Before the QJC-88 HMG, there was the W85 HMG. The “W” in its designation indicates that it’s made for export. Not to be confused with the Type 85 HMG which is based on the earlier Type 77 design with a direct-gas impingement action. The Chinese military never adapted the W85, other than very small numbers which were acquired for the paramilitary and People’s Militia. The QJC-88 was developed from the W85 for vehicle installation and is in wide service with the Chinese Armor Corp.
While the W85 HMG has been in service with many foreign users of Chinese weaponry for years, it really came into focus in the recent Civil Wars in Syria and Iraq where all sides are using it.
The W85 and the QJC-88 share the same basic design. Both are considered as modernized DShK derivatives with many improvements including being half the weight of the DShK. The best analogy would be that it’s similar to how FN developed the AN/M2 and AN/M3 models from the basic design of the well-know M2 Browning .50-cal heavy machine gun. There are some difference in the receiver between the W85 and the QJC-88, and I am unsure how many parts are compatible between the two models.
This Syrian rebel’s W85 looks brand new. Thanks to the CIA and Golf States’ money, a lot of modern Chinese weapons found their way to the Syrian Civil War. The cone-shaped optic mounted on the rear of the receiver is the W85’s wide-angle anti-aircraft sight. The gunner control is completely different than that of the QJC-88 model’s. The W85 has a dual-spade handle with twin triggers that is activated by pulling with index finger. A removable shoulder stock is added to the recoil buffer tube, ane the shoulder stock is for assisting aiming as most of the recoil will be absorbed by the tripod. To cock the W85, there’s a DShK style shovel-handle shaped charging handle under the receiver. The tripod is a carry-over from the Chinese Type 85 HMG.
Technical with a .50 cal heavy machine gun mounted on a white color Toyota pickup truck seems to be a favorite among rebel groups world wide.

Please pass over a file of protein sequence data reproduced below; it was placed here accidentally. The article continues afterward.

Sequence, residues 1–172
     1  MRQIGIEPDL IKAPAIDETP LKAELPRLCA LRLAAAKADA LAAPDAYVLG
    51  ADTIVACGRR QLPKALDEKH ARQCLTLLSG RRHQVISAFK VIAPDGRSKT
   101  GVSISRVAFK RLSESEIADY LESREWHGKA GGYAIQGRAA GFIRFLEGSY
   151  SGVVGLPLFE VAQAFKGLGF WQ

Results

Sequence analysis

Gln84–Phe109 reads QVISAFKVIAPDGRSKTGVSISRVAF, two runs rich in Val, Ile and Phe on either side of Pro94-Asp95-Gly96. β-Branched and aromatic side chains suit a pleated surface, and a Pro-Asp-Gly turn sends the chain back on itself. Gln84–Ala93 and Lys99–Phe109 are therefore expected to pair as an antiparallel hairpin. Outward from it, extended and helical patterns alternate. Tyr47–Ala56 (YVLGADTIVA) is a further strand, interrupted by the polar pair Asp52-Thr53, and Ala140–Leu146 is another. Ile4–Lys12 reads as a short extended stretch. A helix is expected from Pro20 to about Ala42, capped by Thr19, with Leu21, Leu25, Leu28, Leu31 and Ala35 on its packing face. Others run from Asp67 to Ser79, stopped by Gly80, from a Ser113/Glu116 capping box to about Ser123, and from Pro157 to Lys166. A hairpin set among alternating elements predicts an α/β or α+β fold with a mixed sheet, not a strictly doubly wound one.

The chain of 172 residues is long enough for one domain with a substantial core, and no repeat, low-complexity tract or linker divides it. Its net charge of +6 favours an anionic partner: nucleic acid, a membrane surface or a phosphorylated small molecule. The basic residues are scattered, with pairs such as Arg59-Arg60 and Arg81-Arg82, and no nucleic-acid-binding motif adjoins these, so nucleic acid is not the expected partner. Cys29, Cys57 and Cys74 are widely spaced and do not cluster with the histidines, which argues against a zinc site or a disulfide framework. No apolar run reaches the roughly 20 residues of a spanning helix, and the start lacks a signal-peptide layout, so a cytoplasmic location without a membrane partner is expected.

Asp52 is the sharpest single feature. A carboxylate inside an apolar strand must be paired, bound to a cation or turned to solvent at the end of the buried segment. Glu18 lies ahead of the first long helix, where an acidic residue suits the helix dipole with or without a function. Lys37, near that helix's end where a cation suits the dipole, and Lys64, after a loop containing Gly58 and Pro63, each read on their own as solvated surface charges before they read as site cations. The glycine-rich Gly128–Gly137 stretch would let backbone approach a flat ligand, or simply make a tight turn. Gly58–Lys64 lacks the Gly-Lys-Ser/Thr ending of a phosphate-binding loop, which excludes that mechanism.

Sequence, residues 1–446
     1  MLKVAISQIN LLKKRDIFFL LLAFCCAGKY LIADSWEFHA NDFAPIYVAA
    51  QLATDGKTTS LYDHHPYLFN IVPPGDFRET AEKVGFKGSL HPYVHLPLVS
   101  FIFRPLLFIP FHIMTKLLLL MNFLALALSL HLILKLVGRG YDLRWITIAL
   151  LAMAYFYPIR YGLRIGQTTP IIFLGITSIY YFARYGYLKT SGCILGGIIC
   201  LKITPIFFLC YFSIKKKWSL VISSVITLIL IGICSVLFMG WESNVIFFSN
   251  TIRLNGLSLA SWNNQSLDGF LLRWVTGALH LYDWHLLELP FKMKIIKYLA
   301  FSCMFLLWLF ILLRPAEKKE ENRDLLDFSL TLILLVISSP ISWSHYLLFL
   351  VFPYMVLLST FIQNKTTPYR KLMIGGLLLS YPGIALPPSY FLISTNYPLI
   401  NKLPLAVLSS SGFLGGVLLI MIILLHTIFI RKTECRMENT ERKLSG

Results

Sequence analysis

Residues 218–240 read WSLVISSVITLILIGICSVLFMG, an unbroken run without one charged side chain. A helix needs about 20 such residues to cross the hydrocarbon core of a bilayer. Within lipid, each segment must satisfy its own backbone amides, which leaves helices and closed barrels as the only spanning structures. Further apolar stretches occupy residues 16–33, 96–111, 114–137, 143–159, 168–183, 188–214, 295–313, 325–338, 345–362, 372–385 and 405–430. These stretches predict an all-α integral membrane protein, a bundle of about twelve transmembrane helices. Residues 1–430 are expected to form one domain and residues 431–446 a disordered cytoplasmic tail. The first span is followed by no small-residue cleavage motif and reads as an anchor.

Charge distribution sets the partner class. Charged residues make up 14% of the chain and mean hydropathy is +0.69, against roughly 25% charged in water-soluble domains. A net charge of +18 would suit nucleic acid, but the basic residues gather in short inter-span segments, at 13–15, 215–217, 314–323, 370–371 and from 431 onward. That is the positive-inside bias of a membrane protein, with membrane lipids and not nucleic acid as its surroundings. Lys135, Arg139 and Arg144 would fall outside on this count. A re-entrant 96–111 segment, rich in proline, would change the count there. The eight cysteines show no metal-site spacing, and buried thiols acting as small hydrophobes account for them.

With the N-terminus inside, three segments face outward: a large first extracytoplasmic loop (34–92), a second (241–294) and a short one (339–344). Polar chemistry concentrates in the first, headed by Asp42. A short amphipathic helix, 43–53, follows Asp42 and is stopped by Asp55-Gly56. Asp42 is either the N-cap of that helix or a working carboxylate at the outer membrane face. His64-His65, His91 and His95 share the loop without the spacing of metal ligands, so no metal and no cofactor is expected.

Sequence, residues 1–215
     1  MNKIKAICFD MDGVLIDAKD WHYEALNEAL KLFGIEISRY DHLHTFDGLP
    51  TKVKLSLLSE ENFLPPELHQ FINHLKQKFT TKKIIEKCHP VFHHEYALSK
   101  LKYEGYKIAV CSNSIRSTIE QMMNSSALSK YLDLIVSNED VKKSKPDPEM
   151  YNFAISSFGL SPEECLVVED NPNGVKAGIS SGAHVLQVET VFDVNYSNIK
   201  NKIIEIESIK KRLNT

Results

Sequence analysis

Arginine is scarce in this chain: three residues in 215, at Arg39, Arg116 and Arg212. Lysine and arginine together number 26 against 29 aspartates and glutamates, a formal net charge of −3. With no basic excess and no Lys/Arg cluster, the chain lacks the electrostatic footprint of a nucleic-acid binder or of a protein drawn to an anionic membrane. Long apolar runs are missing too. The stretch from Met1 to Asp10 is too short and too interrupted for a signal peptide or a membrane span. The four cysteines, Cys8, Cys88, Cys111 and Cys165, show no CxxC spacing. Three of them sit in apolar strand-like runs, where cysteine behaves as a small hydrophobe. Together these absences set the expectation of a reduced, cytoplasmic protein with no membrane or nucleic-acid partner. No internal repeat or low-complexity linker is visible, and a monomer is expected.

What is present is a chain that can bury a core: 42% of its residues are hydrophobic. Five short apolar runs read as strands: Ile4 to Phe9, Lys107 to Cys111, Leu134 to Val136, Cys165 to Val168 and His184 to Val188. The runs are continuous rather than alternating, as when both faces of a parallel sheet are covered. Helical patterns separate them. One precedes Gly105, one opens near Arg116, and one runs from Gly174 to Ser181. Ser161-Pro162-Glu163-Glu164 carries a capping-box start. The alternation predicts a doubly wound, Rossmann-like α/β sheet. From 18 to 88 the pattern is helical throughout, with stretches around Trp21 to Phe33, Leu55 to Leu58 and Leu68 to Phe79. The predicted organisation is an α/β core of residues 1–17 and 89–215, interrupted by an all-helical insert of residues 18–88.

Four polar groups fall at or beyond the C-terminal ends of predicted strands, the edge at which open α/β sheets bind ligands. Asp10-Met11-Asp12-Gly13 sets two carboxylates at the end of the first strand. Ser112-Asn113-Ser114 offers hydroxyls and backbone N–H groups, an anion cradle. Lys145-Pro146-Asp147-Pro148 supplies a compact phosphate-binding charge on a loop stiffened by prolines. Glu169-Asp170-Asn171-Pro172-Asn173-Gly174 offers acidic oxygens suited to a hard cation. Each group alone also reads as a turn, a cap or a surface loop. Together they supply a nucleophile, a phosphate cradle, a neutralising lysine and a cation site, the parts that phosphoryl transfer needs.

This Syrian rebel had even bothered to fabricated a pintle mount with gun shield for his W85 HMG. Since the W85 and QJC-88 both feature gravity assisted downward ejection, the empty cartridge case in the picture must have been hitting and bouncing off the center column of his ghetto gun mount.
Homie is getting tired with all this anti-aircraft business. Just getting comfy on this ghetto lawn chair. Now where’re my mint-tea and falafils?
The widespread use of the 12.7mm heavy machine guns such as the Chinese W85 by the Rebel forces in the Syrian Civil War has greatly reduced the effectiveness of close-air support by the Syrian government military. Most of the ground attack aircraft flew above the 12.7mm heavy machine gun’s engagement range. Unlike the Manpad, the 12.7mm machine gun round is impervious to jamming or bad weather conditions. Compared to the heavier 14.5mm or 23mm anti-aircraft guns, the .50 cal heavy machine guns are available in greater quantity, have better portability and can be fired from a simple tripod.
Multiple W85s in offensive action by the rebel forces in the Syrian Civil War:
Close up of the W85 employed in an urban defense by the Free Syrian Army:
This FSA rebel couldn’t hit the broadside of a factory building with his W85 HMG. I guess they haven’t discovered how the T&E mechanism works yet over there:
In this clip, the rebels were trying to shoot down a Syrian military MI-17 transport helicopter. Notice how portable the W85 HMG is? And also this shows the use of the cone-shaped wide-angle anti-aircraft optical sight in use with the W85.
The rare Chinese Type 77 12.7mm heavy machine gun (also not a DShK) is in use by the rebels in the Syrian Civil War. The Type 77 and the later Type 85 models are both operated by gas direct-impingement. The large steel gas tube is clearly visible under its heavy barrel. A large number of Type 77 12.7mm HMGs were supplied by the Chinese to the Afghan Mujahideens during the Soviet invasion of Afghanistan between 1979-1989. The Type 77 is quite common in Afghanistan today but are much more difficult to find in Syria. The Syrian Type 77s most likely came from Africa by way of Sudan.
Oh My! This guy actually locked down the gun before firing. He must be like the Chris Costa of Syria!